What do osteopaths do?

What do Osteopaths do?
Osteopathy is a form of manual medicine. The mainstay of treatment is through direct ‘hands on’ contact. Firstly we listen carefully to your reasons for coming to us, which is often, but not always for pain relief. We ask questions about your past medical history, and your daily life to help us understand the impact that your complaint has on your life, how it may have come about, and how our treatment may affect you. Sometimes we may refer you to your GP or another specialist if we feel we can’t treat you safely or without more information such as imaging or blood tests.
Physical ailments often reflect ‘dis’ease in other aspects of our person and our state of mind can strongly affect how we perceive pain and disability so this needs to be taken into account so that we can adjust the intensity of the treatment accordingly. Often we will teach you breathing techniques, show you exercises or talk about nutrition to support your healing.

What will happen in the treatment?
After listening carefully to your medical history and your complaint, and asking some questions, if we have established that osteopathic treatment is appropriate for you, most osteopaths then ask you to undress to your underwear or a layer of tight-fitting but stretchy clothing. This allows us to get a good picture of your posture and as you perform some movements, how your musculoskeletal system responds.

We will then use our hands to feel how joints are moving and how your body tissues feel- we look for things like swelling, redness, bruising and tense muscles and the range of movement available at various joints. This shouldn’t be painful although often it is necessary to briefly reproduce the pain you may be complaining of in order to confirm exactly where it is coming from.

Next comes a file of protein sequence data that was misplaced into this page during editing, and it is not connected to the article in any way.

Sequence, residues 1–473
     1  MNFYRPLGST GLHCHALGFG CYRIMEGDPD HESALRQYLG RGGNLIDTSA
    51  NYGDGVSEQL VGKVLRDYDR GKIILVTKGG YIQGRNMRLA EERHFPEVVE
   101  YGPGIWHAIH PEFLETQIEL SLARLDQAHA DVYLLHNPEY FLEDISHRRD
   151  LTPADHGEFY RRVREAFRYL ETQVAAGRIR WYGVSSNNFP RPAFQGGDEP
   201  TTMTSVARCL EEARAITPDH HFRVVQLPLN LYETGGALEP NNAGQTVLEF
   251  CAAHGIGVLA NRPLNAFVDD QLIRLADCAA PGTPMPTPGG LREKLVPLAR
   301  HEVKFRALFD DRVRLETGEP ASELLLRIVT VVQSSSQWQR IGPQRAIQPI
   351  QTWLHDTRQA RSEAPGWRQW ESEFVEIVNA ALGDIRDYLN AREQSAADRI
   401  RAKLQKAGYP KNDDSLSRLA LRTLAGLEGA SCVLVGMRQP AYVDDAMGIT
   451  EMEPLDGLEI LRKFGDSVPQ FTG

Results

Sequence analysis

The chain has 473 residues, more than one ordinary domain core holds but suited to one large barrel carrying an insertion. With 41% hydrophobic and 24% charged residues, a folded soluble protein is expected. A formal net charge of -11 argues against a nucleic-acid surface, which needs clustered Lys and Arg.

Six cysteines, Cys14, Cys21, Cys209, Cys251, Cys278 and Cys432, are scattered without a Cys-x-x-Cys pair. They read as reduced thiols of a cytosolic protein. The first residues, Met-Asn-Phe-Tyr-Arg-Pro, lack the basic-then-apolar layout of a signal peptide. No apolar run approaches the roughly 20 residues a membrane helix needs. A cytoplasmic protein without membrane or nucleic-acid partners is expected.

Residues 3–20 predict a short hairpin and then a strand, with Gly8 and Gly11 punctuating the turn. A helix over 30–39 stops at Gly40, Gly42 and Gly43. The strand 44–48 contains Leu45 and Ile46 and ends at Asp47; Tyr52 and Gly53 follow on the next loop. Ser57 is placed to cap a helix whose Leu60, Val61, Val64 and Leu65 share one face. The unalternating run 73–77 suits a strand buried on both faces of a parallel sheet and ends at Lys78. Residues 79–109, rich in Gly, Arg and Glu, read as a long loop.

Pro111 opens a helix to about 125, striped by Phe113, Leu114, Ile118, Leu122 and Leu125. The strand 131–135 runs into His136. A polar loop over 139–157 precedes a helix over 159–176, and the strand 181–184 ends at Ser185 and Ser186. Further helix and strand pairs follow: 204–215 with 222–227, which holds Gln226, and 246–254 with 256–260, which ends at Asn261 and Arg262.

Sometimes we listen to your lungs and heart, check your blood pressure, check your nerve reactions (by tapping various points on your body) and your muscle strength. None of these tests are invasive although occasionally some nerve tests may be uncomfortable if your nerves are already irritated.

The treatment offered by osteopaths varies from High Velocity, Low Amplitude thrusts (HVLA) (which often produces a click or popping sound), soft tissue massage, long leverage stretches or rotations (using your limbs) to very gentle adjustment of cranial bone motion (cranial osteopathy), and abdominal and pelvic organ motility and mobility (visceral osteopathy). Some osteopaths use ice, heat, exercise and dryneedling too. Most osteopaths will also advise on posture, diet and breathing.

Treatment should be gentle and relaxing and we try to ensure that you are comfortable with the treatment at all times. Sometimes you may need to give written consent to treatment if your problem is in an ‘intimate area’ (around breasts or pelvic area) and you are entitled to ask for a chaperone.

What should I bring and wear?
It is helpful for us if you bring a list of any medication to are taking and the results of recent tests or imaging (MRI or XRAY reports).
Wear comfortable, stretchy or loose fitting clothing such as leggings, sports shorts, vests. Jeans are particularly difficult to palpate through as they are generally quite stiff and have bulky seams.
Your diary/ phone if you need to make another appointment and payment method (cash, card, cheque)

How will I feel afterwards?
After treatment you can feel very tired and occasionally a little tender for a couple of days. We will have given you some advice regarding any tenderness you feel- e.g. sometimes ice is better than a hot water bottle to help reduce tenderness.

Who is osteopathy suitable for?
Osteopathy can help people of all ages from newborn babies and pregnant mothers, children and stressed businesspeople, homemakers and students to the elderly. We will use techniques appropriate to your body.